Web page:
Saint Anselm College Library, like many academic libraries in the United States, uses Library of Congress Classification for call numbers. This system uses a combination of letters and numbers to arrange materials by subjects. This guide will provide an introduction to understanding and using Library of Congress call numbers.
What is a call number?
A call number is like an address; it tells you where the book is located on the shelf.
Call numbers appear
Note that the same call number can be written from top-to-bottom, or left-to-right.
Reading call numbers
Putting Call Numbers in Shelf Order
To understand how call numbers are put in order in Library of Congress Classification, again look at each section of the call number.
What does the call number mean?
Remember that Library of Congress Classification arranges materials by subjects.
- The first sections of the call number represent the subject of the book.
- The letter-and-decimal section of the call number often represents the author's last name.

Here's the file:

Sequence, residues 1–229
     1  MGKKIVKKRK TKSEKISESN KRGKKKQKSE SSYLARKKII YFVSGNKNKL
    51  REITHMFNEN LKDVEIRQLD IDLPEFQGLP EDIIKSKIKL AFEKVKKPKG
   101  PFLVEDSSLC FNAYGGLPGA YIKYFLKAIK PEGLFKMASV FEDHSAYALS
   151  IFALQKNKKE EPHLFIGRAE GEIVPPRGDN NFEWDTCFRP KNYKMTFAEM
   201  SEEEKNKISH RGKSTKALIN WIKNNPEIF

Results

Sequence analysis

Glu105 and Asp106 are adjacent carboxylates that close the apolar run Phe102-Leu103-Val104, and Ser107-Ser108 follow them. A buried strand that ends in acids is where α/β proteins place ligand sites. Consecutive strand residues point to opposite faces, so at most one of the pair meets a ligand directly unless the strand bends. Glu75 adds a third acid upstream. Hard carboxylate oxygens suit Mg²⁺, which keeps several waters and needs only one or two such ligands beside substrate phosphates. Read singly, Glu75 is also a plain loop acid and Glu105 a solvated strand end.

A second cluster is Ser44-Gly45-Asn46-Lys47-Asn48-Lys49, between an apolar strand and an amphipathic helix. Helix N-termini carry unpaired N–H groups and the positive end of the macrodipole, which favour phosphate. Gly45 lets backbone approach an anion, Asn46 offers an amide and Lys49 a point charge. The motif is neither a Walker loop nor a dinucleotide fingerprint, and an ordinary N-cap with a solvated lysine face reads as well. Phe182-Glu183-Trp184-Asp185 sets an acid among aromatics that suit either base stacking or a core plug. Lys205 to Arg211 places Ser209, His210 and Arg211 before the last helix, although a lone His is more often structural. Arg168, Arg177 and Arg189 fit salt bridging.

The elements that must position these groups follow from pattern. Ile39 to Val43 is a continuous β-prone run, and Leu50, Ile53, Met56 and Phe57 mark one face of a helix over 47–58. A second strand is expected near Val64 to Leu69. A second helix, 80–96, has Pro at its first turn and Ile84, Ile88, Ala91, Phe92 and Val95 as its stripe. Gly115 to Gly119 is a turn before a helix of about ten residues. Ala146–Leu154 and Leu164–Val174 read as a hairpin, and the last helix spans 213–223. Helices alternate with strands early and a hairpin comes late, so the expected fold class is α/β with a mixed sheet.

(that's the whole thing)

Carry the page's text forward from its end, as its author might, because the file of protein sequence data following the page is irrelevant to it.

- And, as you recall, the last section of a call number is often the date of publication.
Why is this important to know?
Although the most efficient way to locate materials on a particular subject is usually to perform a subject search in the online catalog and then note the call number for each retrieved item, browsing the shelves can also help you locate material appropriate for your topic. Since books are classified by subject, you can often find several helpful books on the same shelf, or nearby. For example, within the subject classification LB 2395, there may be several guides about how to study.
Since Library of Congress Classification arranges materials by subjects, knowing the letter(s) for your subject area gives you a place to start browsing the shelves. Which letters represent your subject?
View the Library of Congress Classification Outline
Text and images on this page were adapted from Honolulu Community College's Understanding Call Numbers.